Most trumpets' low C♯ and D are too high, and need correcting by pulling the 1st of 3rd valve.
My first understanding was that the distance between tones in the lower register is larger than between tones in the higher register, therefore the lengthening of the tube needed in the low register.
However, if all the tones in the lowest register (C down to F♯ with 3 ledger lines under the staff) are correct, the harmonics of this tones should also be correct.
My new explanation is that if you tune the valves so that middle F♯ (fingering 2), F (fingering 1), and E♭ (fingering 23) are tuned, then fingerings 13 and 123 are going to be too high.
This would imply that the whole harmonic series would be too high, including the lowest F♯. My feeling is that the lowest F♯ is in tune, while the C♯ (same fingering 123) is not. This does not make sense, maybe the low F♯ is also high?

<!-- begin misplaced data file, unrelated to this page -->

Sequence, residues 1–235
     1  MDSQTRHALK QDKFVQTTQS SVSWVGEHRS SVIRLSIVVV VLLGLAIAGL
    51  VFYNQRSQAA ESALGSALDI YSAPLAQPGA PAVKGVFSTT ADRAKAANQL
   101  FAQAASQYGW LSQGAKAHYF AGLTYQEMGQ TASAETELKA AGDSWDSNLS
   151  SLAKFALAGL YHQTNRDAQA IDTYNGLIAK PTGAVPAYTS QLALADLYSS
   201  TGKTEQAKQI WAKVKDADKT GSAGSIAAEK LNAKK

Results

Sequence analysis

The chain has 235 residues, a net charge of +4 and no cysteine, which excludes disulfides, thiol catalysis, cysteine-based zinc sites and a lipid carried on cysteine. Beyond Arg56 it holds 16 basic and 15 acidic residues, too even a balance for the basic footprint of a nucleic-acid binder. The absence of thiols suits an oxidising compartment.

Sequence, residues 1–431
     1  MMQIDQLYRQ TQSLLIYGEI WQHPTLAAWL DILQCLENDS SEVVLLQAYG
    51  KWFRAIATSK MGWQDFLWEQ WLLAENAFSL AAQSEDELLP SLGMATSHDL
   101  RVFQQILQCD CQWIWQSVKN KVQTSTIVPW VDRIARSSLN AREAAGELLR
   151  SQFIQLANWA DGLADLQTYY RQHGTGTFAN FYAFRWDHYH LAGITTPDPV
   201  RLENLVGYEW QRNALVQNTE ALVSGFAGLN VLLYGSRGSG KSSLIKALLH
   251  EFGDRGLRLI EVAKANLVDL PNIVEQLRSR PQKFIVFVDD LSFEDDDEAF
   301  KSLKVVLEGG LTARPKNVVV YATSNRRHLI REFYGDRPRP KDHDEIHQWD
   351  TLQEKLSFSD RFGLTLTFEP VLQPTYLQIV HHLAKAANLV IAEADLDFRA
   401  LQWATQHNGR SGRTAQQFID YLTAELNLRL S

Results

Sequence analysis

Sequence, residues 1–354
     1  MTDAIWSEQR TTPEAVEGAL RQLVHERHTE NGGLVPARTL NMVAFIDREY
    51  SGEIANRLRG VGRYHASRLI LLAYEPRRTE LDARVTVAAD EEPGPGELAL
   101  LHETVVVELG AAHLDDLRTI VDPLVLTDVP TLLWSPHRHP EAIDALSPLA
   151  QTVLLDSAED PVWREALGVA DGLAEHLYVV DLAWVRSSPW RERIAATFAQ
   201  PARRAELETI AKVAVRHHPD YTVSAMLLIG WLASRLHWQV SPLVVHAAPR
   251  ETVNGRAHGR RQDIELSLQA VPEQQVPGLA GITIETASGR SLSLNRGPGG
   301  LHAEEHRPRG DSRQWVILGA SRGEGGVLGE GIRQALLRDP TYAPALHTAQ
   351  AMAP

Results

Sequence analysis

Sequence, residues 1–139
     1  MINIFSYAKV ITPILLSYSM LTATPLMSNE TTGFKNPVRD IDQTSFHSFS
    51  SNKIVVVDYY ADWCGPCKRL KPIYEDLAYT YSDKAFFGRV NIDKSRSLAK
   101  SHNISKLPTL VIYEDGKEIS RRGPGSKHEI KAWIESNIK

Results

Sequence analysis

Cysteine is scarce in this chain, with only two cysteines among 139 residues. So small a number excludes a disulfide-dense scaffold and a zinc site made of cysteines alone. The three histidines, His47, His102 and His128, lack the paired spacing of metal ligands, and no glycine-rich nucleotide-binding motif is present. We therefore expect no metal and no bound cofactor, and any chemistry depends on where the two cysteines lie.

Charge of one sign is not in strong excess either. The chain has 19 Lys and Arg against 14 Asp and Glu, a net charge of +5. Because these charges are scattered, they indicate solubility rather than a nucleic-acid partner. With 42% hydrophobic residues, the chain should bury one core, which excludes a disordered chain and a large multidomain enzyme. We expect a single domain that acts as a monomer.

Any explanation? Why is low C♯ so high but not low F♯? Is it even so?
If my reasoning holds, then low E (12) should also be a little high, if F (1) and F♯ (2) are in tune?
I wanted to put numbers on the 1+2 fingering not being in tune if the 1 fingering and the 2 fingering are.
Frequencies of the trumpet's low C and downwards, in equal temperament based on A at 440 Hz:
C: 261.626 Hz B: 246.942 Hz B♭: 244.082 Hz A: 220.000 Hz
C: 3.8223 ms B: 4.0495 ms B♭: 4.0970 ms A: 4.5455 ms
And their wavelength (assuming 343 m/s):
C: 1.3110 m B: 1.3890 m B♭: 1.4153 m A: 1.5591 m
And in procent of the reference (C):
B: 105.95 % B♭: 107.19 % A: 118.92 %
So if valve 2 is in tune for B (5.95 % length increase), and valve 1 is in tune for B♭ (7.19 % length increase), their sum (valve 1 and 2 down) gives a total length increase of 5.95 + 7.19 = 13.14 %. The theoretically tuned A should have a length increase of 18.92 % instead, so fingering 1+2 makes it a bit sharp.